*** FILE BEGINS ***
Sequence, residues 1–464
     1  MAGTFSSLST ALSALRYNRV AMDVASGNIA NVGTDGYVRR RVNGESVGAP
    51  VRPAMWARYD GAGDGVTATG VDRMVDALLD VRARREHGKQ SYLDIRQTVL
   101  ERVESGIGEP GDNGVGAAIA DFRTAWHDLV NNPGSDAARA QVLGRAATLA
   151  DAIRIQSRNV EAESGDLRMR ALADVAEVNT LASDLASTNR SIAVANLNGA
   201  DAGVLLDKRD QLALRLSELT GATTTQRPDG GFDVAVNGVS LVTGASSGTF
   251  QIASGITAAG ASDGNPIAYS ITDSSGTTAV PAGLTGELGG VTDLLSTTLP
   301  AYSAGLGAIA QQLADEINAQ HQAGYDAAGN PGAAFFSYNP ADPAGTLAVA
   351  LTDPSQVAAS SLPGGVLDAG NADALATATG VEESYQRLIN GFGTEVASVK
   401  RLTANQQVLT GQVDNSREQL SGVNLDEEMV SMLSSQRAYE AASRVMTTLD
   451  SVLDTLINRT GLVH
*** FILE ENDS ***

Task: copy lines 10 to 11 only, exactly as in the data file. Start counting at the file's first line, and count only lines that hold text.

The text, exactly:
   401  RLTANQQVLT GQVDNSREQL SGVNLDEEMV SMLSSQRAYE AASRVMTTLD
   451  SVLDTLINRT GLVH